Main Article Content



purpose of juvenile justice is to protect and expand young people's constitutional rights. It's the branch of law concerned with juvenile offenders, neglected kids, and abandoned kids. Its focus is on rehabilitation rather than punishment, unlike adult criminal justice. International norms stress the significance of both prevention and rehabilitation for minors who are in dispute with the law and have been accused of criminal behaviour.

Any child claimed as, charged of, or acknowledged as having allegedly broken the criminal justice system has the “right to be treated in a manner consistent with promotion of a promotion of the children's sense of dignity and worth, as stated in these guidelines.” In India, Article 15 of the Constitution ensures that children's rights are prioritised via the execution of certain laws and policies. This mandate has far-reaching implications for India's juvenile justice system. The policy is grounded on constitutional safeguards such as the equality guarantee, the right to life and liberty for oneself, and the right to be free from exploitation.

Article Details

Author Biography



1Research Scholar, 2Associate Professor

1Roll No.A1812811001

1,2University School of Law

1,2Guru Kashi University, Talwandi Sabo


Ram Ahuja, Social Problems in India, 3rd Ed, Rawat Publication, Ch-15,Pg-379.

Juvenile Justice (Care and Protection of Children) Act 2015.

Preston Elrod & R.S Scott Ryder , Juvenile Justice-A Social Historical and Legal Perspective, 3rd ed, Jones and Bartlet Publishers, Ch-1,Pg-8.

Justice P.S Narayana, Commentary on the protection of children from Sexual offence Act 2012, Universal Publication, 2013 Edition.

Rolf Loeber,David Farrington, Serious and Violent Juvenile Offenders, Sage Publication,

Ram Ahuja, Social Problems in India, Rawat Publication, 3rd ed, Ch-15,Pg 379

Adenwalla, M. 2006. Child Protection and Juvenile Justice System for Juvenile in conflict with law. Mumbai, Childline India Foundation.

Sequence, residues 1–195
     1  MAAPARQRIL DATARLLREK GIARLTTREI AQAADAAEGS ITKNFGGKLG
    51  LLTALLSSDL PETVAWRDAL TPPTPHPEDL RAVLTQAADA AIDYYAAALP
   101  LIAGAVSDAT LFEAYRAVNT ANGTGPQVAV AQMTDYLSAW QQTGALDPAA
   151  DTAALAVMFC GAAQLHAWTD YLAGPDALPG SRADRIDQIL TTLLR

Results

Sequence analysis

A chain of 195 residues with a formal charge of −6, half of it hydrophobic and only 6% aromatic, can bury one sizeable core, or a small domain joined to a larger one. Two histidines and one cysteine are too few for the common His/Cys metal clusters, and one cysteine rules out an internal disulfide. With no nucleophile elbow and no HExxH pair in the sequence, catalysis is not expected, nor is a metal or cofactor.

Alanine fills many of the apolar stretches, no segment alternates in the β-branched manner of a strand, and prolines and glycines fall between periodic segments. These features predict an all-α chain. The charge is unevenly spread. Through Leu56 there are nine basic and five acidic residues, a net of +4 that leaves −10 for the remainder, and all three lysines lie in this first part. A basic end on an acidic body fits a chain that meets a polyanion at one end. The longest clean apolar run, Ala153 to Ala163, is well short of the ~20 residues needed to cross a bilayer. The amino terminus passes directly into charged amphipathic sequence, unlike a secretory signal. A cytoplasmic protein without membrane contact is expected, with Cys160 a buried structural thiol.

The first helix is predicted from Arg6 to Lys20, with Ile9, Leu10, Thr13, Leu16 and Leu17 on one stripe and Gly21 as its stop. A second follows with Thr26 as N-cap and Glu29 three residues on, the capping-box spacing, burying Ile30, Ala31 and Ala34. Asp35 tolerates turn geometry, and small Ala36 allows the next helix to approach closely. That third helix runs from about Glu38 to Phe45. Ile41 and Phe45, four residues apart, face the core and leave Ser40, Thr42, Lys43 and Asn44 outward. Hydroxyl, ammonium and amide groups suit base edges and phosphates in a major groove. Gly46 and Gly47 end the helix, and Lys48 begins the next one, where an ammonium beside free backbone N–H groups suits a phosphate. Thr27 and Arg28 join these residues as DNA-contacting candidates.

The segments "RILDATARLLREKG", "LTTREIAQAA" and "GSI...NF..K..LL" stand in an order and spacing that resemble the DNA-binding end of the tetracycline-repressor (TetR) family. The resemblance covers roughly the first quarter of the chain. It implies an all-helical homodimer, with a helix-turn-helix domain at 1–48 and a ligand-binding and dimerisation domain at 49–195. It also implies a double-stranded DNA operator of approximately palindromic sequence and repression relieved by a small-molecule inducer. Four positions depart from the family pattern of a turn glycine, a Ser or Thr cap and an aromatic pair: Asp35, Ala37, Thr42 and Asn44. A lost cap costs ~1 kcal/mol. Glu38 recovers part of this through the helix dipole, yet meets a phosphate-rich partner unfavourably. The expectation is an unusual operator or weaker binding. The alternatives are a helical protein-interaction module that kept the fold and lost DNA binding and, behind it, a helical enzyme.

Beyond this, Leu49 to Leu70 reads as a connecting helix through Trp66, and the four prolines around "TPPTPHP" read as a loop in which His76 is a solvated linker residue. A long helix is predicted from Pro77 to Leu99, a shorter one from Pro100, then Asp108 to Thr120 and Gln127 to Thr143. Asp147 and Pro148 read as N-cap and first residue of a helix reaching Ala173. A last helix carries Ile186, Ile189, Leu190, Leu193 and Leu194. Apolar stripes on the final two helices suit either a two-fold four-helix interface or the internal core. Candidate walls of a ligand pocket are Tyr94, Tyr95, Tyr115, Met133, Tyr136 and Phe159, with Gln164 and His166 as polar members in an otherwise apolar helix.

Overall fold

Bhattacharya, S K. 2000. Juvenile Justice: An Indian Scenario, New Delhi, Regency Publications.

Eaton JW, Polk K. 1961. Measuring Delinquency, Pittsburg Press, Pittsburg University.

Hansaria V, Jose PI. 2011. Juvenile Justice System, Delhi. Universal Law Publishing Company Pvt. Ltd.

Mehta, N. 2008. Child Protection and Juvenile Justice System, Mumbai, Childline India Foundation.

Ministry of Home Affairs. National Crime Records Bureau, New Delhi, Government of India, 2012.

Mousumi Dey 2014. ‘Juvenile Justice in India’ published in International Journal of Interdisciplinary and Multidiscipli nary Studies (IJIMS), Vol 1, No.6, 64-70. Available at online at , Assessed on 03.09.2018

Sabnis, MS. 1996. Juvenile Justice and Juvenile Correction: Pride and Prudence. Bombay and New Delhi, Somaiya Publicat ions Pvt.Ltd..

Srivastava SP. 1989. Juvenile Justice in India: Policy, Programme, and perspective, Delhi, Ajanta Publication. The Times of India, Delhi, September 22, 2013

Vedackumchery, J. 1996. The Police and Delinquency in India, New Delhi, APH Publishing.

Vedkumari, the juvenile justice system in India, 2nd edition, the oxford university press

Prakash Haveripet (2013). “Causes and Consequences of Juvenile Delinquency in India”, Recent Research in Science and Technology 2013, 5(3), pp 29-31

National Crime Records Bureau (2016), Crime in India 2015, New Delhi: Ministry of Home Affairs, Government of India, Chapter 10

Platt A.M. (1977), The Child Savers: The Invention of Delinquency, Chicago: University of Chicago Press

Dr. Subramanian Swamy and Others vs. Raju Thr. Member of Juvenile Justice Board and Another (2014) 8 SCC 390, at para 38

Arlene Manoharan and Swagata Raha, “Juveniles Need Reform Not Prison,” The Hindu, 24 April 2015

Sheela Barse&Anr. vs. Union of India &Ors. 1986 AIR 1986 SC 1773